Legislative Update: Thursday, Jan. 19

Rep. Mary Ann Dunwell speaks Thursday during a committee hearing on her bill that would raise taxes on new gas and oil wells.

Freddy Monares/UM Legislative News Service

Rep. Mary Ann Dunwell speaks Thursday during a committee hearing on her bill that would raise taxes on new gas and oil wells.

Higher taxes on gas, oil wells sought

By Freddy Monares

Lawmakers in Helena are considering a bill that would put money back into the state’s main revenue fund by increasing taxes on new oil and gas wells.

House Bill 215 would remove what is called a tax holiday, which is a tax incentive for oil and gas companies during the first year of production.

“I consider this low-hanging fruit,” said bill sponsor Rep. Mary Ann Dunwell, D-Helena.

The bill estimates that the measure would bring more than $600,000 into the state’s general fund over the next four years.

But Montana Petroleum Association lobbyist Jessica Sena had this caution: “Certainly prices may increase, we may be able to attract new investment back into Montana, but I would say that that’s a gamble to bet any increase on your general fund monies on these hypothetical situations.”

The current tax for the new wells is half of 1 percent of gas production; the bill would increase that to 4.5 percent.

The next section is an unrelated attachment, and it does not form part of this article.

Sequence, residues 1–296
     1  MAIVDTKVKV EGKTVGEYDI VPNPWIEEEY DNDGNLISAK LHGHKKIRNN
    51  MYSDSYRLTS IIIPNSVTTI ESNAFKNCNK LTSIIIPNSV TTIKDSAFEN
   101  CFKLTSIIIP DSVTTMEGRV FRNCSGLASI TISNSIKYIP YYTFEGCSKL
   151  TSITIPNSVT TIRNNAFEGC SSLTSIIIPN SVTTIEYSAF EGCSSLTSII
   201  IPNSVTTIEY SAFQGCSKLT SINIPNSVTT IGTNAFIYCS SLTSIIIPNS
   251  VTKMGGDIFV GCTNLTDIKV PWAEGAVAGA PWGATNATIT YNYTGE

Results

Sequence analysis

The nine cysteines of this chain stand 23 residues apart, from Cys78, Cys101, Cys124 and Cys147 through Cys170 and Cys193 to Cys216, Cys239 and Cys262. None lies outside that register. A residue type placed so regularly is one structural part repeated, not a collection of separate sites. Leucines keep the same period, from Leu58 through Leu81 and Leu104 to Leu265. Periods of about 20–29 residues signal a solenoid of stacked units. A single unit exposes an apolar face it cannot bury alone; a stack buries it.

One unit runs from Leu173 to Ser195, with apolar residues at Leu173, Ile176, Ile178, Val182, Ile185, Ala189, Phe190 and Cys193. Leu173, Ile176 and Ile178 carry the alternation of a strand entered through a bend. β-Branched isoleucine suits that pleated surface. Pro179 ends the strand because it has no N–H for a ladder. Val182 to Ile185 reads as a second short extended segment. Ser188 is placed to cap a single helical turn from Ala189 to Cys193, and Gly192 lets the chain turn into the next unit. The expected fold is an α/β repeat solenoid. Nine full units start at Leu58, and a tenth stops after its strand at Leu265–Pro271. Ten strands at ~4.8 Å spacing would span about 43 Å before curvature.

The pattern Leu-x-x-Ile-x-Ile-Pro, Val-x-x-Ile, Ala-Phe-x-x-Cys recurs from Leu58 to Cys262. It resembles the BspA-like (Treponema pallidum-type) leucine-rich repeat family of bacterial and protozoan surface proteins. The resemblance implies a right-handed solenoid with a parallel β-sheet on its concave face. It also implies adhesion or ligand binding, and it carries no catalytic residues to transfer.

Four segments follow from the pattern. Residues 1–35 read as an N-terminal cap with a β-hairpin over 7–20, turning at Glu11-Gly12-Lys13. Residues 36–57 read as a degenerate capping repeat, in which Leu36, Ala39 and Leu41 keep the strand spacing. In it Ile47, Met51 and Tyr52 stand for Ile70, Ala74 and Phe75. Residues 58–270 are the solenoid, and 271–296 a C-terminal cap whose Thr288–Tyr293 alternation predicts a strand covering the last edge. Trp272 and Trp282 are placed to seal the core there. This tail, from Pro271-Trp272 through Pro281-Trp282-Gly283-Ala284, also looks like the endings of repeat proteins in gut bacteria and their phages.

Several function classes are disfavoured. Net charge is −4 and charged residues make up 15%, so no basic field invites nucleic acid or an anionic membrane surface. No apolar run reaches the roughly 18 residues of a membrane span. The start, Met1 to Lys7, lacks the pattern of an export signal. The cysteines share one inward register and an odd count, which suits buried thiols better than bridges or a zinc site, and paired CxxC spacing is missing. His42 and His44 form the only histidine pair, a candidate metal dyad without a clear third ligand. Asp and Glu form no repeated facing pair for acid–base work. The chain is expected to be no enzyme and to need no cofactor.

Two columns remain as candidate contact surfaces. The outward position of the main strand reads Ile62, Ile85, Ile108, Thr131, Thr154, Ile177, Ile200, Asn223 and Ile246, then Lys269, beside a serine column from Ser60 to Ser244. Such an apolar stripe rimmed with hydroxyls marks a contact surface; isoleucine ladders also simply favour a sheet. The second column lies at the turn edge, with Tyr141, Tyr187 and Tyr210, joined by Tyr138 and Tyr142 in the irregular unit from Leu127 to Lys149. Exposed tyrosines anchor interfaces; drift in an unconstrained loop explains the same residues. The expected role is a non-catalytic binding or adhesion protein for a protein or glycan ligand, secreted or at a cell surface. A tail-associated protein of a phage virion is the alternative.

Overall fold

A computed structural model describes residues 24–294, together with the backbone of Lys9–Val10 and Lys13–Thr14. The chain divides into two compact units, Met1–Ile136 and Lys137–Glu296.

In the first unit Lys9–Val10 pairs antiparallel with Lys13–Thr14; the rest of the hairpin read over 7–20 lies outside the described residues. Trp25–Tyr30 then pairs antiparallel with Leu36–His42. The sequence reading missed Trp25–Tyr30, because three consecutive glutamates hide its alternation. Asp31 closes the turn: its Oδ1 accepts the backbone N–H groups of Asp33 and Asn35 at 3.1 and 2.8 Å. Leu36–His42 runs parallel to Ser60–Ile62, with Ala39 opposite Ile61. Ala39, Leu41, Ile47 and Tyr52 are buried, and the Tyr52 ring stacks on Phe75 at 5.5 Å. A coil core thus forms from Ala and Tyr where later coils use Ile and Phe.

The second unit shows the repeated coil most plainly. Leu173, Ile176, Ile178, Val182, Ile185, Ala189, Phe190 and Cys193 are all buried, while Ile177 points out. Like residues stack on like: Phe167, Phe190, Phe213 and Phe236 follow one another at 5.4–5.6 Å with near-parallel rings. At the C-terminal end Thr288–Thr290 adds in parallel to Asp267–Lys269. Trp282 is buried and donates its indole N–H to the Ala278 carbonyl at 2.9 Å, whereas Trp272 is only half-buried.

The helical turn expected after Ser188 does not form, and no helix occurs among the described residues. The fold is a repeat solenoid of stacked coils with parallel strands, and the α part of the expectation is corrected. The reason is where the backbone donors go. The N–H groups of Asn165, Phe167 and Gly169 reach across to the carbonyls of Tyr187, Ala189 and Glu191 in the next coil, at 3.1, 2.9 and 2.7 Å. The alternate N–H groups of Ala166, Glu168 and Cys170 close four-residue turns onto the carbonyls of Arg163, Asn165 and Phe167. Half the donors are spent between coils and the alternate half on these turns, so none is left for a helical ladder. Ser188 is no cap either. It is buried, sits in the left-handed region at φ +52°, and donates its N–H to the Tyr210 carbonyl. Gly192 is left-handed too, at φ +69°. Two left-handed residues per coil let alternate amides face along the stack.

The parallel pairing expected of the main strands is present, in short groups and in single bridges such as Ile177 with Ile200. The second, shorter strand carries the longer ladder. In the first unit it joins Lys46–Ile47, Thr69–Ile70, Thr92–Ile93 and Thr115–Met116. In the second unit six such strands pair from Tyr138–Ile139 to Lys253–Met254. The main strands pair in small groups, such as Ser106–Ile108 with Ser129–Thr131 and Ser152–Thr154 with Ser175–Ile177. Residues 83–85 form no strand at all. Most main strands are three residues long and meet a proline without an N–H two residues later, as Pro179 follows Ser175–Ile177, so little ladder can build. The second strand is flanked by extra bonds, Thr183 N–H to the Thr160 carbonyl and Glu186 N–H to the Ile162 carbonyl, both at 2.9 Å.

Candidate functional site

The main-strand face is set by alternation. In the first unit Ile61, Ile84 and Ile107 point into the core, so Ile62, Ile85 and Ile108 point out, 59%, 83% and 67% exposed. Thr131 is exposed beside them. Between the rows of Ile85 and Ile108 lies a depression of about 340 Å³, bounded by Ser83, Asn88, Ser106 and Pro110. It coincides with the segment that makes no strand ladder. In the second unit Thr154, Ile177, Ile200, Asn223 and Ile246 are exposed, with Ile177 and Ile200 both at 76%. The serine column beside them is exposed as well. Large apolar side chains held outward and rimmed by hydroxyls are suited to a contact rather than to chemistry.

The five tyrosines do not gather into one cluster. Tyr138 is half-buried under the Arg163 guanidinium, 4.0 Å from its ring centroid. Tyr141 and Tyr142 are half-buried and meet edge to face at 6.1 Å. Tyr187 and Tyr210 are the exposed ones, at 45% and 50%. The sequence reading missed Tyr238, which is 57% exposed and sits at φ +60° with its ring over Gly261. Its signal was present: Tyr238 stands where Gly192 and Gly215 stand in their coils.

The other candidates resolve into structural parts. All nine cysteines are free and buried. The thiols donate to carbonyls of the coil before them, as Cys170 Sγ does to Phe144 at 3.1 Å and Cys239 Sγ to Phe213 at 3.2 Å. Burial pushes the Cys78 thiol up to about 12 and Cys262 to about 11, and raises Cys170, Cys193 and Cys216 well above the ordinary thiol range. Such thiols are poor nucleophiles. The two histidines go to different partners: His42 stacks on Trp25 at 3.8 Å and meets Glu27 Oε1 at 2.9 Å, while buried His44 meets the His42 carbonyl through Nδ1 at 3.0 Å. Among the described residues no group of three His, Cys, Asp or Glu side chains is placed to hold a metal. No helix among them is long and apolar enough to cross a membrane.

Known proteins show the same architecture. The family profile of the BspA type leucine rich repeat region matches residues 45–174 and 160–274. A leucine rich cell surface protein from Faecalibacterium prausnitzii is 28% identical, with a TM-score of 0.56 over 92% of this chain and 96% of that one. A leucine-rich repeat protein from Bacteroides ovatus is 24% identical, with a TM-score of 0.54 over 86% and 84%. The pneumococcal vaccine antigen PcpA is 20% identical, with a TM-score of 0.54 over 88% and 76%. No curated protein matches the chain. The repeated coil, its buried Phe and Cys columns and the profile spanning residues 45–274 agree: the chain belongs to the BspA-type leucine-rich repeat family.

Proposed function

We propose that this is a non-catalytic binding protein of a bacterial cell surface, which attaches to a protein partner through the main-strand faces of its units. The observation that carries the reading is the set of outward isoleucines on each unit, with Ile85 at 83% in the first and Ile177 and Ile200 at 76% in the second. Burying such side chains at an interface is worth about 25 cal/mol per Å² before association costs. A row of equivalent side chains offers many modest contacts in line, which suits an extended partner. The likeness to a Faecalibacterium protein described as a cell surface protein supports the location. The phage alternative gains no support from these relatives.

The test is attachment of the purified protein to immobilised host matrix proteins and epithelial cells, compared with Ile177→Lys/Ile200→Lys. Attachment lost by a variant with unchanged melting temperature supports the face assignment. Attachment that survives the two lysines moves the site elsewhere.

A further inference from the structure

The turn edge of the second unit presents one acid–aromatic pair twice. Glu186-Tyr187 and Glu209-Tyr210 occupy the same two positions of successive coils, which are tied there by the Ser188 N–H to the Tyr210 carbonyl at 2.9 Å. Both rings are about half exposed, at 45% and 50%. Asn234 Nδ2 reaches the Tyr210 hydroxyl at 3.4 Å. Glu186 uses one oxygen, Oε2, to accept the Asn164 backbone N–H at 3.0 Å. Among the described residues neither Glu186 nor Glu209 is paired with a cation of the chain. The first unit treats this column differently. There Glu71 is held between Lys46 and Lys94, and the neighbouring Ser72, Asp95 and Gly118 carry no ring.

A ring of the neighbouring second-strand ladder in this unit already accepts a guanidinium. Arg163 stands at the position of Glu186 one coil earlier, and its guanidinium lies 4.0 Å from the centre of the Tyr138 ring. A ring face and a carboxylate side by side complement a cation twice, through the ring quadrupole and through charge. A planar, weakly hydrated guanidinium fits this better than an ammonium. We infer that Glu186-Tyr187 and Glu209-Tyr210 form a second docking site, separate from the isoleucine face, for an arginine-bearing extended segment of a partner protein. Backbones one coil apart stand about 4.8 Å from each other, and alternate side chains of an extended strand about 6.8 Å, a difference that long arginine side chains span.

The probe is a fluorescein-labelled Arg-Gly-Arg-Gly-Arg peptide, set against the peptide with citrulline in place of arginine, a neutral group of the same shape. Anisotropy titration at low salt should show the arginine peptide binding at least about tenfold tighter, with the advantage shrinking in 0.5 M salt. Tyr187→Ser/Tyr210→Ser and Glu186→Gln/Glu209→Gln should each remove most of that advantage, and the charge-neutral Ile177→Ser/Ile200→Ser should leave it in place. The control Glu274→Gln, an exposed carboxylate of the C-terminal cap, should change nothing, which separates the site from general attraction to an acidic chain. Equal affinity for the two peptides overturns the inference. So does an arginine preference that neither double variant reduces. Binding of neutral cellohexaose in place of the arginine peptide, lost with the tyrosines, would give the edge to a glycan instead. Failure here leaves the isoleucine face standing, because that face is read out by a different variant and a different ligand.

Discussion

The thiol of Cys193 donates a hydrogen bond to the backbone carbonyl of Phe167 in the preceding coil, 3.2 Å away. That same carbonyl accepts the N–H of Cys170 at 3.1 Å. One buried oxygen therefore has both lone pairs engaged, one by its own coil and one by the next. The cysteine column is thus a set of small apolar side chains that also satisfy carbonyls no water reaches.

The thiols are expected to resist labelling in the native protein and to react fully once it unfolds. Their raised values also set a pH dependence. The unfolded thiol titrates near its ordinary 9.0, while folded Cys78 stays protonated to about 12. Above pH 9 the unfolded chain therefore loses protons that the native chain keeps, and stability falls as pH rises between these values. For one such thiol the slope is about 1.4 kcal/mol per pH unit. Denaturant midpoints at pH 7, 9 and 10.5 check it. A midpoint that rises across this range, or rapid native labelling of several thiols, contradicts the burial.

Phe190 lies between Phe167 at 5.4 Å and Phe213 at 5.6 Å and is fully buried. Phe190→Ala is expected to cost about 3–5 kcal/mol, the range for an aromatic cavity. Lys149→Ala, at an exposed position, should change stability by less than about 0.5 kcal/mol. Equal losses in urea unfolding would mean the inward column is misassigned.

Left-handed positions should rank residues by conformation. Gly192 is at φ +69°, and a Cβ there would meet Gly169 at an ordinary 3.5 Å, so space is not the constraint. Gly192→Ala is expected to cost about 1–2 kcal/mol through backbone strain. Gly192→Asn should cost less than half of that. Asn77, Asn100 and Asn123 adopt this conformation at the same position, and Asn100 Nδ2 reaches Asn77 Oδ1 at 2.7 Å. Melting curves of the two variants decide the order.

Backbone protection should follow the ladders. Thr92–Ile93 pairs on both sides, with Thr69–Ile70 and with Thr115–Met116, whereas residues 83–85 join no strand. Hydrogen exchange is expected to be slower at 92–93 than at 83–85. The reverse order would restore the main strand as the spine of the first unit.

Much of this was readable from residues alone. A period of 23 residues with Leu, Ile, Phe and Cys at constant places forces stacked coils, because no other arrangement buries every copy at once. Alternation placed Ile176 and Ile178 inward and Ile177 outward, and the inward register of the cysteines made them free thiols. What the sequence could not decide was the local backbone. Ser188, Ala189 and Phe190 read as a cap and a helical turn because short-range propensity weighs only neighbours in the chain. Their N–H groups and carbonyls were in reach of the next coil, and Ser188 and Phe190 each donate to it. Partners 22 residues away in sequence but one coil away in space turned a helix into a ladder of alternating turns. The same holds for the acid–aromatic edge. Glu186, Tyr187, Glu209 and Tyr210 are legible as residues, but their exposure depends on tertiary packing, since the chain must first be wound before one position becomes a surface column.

Freddy Monares is a reporter with the UM Legislative News Service, a partnership of the University of Montana School of Journalism, the Montana Broadcasters Association and the Greater Montana Foundation.

 

By Cole Grant

In 2014, the U.S. Supreme Court ruled that police may not search the contents of a cell phone without a warrant.

State Rep. Daniel Zolnikov, R-Billings is sponsoring a bill that would  extend that rule in Montana to any other device, like a laptop, iPad or smartwatch.

“Right now our devices store more personal information than our houses do,” he said. “And since the Fourth Amendment does not seem to protect electronic devices and electronic communications, that it is my job to ensure that these safeguards are in place.”

House Bill 147 will provide exceptions to the rule—if there were a life in danger, if the owner gave consent, or if the owner had disclosed the pertinent information publicly.

“The reason I want this in state code and state law is so people know what the process is,” Zolnikov said. “It just makes it a lot more transparent.”

The House Judiciary Committee will hear HB 147 Friday Morning.

Cole Grant is a reporter with the UM Legislative News Service, a partnership of the University of Montana School of Journalism, the Montana Broadcasters Association and the Greater Montana Foundation.

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